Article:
Brexit delays prompt commercial contract considerations

By Lindsay Ellis from Warwickshire-based Wright Hassall.

Although there is still uncertainty surrounding the timing of Brexit, the recent vote to delay the process has given businesses enough time to review their existing contracts and the obligations within them.

In order to avoid issues after a decision is made, it is important organisations consider how it might affect existing contracts and not only those proposed to come into force post-Brexit.

Existing contracts. When it comes to reviewing existing contracts, there are a range of important issues that must be considered, starting with business change. Organisations must first discover which contracts will be affected if certain in-house operations are relocated post-Brexit.

For many businesses, Brexit could negatively impact their supply chain and they should consider the performance of obligations by, and the cost of performance by, subcontractors and suppliers. This is particularly important for those who will be responsible for any increased costs (such as tariffs) or delays due to border issues.

Other key areas to consider include: term (and the ability to exit early), territory, currency, tariffs, customs clearance (the consequence of any delays), resources, licensing/consents, and tax. Failure to review and plan for these could result in increased costs and/or damage to business performance.

Force majeure. A contract typically contains force majeure clauses.

Depending on the drafting, these can relieve a party from liability for a breach resulting from ‘circumstances beyond its reasonable control’. However, if Brexit was likely when the contract was agreed, it could be argued the parties should have planned for its effects.

Without a specific reference to Brexit, force majeure clauses are unlikely to help of itself, but depending how the clause was drafted, it might address delays in delivery of goods due to cross-border issues.

Material adverse change (MAC). MAC clauses, although not common, appear in certain types of contracts, like lending, where they allow the lender to end the arrangement if the borrower’s position or circumstances change adversely.

They are also used to allow a buyer to walk away from a corporate acquisition deal if events occur that are detrimental to the target company.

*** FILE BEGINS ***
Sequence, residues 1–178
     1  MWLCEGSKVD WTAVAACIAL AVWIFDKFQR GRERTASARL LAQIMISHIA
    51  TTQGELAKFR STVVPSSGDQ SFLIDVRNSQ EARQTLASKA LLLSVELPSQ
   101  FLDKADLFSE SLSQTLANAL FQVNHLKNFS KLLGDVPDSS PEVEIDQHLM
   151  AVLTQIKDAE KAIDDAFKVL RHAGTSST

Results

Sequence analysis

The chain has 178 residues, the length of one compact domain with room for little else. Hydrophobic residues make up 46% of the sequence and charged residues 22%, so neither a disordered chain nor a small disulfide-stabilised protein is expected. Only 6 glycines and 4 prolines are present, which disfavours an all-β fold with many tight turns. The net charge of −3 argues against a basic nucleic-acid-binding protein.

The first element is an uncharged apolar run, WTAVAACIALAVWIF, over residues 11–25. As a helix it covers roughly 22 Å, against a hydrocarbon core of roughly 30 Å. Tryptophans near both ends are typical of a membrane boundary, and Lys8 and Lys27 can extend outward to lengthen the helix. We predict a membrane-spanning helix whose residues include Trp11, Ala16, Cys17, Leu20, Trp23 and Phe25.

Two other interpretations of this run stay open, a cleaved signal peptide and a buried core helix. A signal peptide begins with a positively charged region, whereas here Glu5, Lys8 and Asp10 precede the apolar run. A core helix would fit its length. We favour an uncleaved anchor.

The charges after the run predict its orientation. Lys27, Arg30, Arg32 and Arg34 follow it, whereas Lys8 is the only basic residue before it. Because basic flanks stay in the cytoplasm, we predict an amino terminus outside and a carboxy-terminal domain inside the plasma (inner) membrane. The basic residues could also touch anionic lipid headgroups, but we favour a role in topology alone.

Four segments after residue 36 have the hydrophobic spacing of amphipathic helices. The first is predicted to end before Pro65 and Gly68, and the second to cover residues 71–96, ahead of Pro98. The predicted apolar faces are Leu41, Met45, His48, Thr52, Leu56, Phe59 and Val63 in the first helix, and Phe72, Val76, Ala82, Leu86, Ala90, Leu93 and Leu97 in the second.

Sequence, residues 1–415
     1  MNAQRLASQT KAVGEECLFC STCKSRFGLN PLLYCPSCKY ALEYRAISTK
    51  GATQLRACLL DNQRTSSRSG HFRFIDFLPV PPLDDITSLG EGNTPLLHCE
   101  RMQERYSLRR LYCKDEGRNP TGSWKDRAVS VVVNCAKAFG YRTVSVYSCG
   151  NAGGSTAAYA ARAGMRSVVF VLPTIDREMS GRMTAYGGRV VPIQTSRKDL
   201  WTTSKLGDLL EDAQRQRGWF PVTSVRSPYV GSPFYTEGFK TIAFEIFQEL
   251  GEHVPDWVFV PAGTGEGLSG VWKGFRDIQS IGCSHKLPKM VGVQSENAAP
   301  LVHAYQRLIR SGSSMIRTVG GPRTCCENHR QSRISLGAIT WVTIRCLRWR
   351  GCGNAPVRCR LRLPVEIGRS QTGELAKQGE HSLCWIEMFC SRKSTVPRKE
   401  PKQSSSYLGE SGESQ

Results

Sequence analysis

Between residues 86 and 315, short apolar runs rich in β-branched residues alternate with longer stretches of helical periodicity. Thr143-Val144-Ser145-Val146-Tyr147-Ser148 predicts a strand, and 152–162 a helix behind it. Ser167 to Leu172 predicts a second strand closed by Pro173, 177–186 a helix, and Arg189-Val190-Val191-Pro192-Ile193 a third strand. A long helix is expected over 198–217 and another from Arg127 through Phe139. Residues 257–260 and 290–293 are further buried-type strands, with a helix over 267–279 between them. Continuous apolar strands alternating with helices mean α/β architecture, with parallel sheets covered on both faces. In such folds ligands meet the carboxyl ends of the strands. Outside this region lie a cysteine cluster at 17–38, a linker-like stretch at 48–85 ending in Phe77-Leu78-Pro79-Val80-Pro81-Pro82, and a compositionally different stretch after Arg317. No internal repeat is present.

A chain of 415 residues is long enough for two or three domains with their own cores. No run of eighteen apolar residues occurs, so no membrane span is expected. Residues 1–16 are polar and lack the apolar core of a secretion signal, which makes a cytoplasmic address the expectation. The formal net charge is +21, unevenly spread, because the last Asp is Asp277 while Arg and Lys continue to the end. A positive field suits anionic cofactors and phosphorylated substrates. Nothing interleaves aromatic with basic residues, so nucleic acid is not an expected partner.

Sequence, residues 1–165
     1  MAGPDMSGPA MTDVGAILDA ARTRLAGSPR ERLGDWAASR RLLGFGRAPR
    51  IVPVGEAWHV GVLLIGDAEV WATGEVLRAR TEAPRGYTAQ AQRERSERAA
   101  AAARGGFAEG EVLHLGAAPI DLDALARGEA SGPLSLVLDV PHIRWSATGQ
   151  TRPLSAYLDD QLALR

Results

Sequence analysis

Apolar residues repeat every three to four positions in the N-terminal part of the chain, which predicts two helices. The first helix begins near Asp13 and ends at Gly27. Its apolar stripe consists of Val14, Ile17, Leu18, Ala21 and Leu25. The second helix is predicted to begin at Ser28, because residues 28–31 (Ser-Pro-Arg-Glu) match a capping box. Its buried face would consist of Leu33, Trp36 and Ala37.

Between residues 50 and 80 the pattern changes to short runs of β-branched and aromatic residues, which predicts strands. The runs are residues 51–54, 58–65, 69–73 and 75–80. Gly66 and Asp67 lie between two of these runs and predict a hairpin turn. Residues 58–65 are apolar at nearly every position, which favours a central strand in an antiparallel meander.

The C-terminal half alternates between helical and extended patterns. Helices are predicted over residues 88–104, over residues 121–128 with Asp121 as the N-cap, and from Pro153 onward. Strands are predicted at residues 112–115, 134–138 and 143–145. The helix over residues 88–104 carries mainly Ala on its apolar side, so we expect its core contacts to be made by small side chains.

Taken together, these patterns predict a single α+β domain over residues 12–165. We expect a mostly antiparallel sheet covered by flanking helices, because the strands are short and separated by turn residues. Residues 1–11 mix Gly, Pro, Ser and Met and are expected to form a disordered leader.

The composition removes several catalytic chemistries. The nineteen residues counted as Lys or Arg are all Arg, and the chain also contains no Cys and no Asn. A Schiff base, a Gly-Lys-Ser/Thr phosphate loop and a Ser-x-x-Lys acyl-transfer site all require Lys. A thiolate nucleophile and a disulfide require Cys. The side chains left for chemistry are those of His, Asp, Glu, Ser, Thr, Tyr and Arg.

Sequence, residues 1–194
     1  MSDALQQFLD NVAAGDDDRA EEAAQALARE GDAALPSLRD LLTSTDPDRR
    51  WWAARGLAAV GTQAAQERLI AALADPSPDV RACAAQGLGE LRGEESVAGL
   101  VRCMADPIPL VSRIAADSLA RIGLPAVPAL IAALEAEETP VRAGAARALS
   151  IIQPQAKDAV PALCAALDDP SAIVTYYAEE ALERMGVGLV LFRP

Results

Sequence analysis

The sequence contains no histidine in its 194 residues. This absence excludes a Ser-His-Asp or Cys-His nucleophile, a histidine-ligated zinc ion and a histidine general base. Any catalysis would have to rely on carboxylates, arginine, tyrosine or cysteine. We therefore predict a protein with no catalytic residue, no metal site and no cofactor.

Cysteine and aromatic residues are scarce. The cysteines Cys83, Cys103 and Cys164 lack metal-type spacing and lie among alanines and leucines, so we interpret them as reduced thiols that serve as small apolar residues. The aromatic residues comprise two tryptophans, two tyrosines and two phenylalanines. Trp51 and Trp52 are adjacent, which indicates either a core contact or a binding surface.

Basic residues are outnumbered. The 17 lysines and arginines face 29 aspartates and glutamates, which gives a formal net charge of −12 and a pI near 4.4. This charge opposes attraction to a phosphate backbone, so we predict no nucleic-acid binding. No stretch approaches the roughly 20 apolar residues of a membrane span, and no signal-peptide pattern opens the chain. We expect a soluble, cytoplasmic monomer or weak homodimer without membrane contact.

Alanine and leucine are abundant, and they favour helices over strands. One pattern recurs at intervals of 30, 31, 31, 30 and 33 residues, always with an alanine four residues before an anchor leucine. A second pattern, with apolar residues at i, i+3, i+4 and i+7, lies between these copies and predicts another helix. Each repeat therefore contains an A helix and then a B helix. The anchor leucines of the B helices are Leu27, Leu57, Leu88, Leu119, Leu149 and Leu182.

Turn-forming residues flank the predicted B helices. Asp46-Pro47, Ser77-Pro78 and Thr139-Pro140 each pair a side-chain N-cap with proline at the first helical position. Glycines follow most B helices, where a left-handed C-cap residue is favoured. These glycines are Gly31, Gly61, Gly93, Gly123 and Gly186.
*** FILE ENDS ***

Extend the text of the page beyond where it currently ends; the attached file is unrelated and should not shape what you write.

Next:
Whether the effects of Brexit trigger a MAC clause will depend on how it was drafted, but typically a party can’t rely on a MAC clause based on circumstances known when agreeing a contract.

Compliance with law clauses. Many contracts state that parties must comply with applicable law. In any event, it will be a matter of interpretation whether such a clause could oblige a party to absorb the costs associated with Brexit-related changes in law.

Long-term contracts typically address what will happen if the law changes, often specifying that charges can only be increased in limited circumstances, with the supplier required to consult with the customer before making any necessary changes to the services.

Change Control. Many contracts will contain a clause outlining a procedure if either party wishes to change it, which typically involves discussions, with only necessary legal or technical changes being able to be compelled. Generally, there is no right to terminate if a change is not agreed.

Such a clause may help if, for example, the contract must be performed differently to reflect a Brexit-related change in law.

Termination. The contract may include scope for termination, by either party. This may be in connection with circumstances arising from Brexit related events or a failure to agree a change.

If a contract’s termination clause gives a party a right to terminate on relatively short notice, the prospect of termination can always be raised as a means of encouraging negotiation.